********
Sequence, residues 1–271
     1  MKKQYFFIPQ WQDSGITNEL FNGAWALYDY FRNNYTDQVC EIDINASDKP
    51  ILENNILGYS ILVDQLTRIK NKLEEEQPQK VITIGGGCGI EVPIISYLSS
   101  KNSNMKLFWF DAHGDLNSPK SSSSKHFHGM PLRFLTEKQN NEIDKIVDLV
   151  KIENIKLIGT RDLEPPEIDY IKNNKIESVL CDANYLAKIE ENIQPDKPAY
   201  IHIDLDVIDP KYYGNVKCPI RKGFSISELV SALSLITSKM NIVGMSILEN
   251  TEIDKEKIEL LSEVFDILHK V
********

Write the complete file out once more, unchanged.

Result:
Sequence, residues 1–271
     1  MKKQYFFIPQ WQDSGITNEL FNGAWALYDY FRNNYTDQVC EIDINASDKP
    51  ILENNILGYS ILVDQLTRIK NKLEEEQPQK VITIGGGCGI EVPIISYLSS
   101  KNSNMKLFWF DAHGDLNSPK SSSSKHFHGM PLRFLTEKQN NEIDKIVDLV
   151  KIENIKLIGT RDLEPPEIDY IKNNKIESVL CDANYLAKIE ENIQPDKPAY
   201  IHIDLDVIDP KYYGNVKCPI RKGFSISELV SALSLITSKM NIVGMSILEN
   251  TEIDKEKIEL LSEVFDILHK V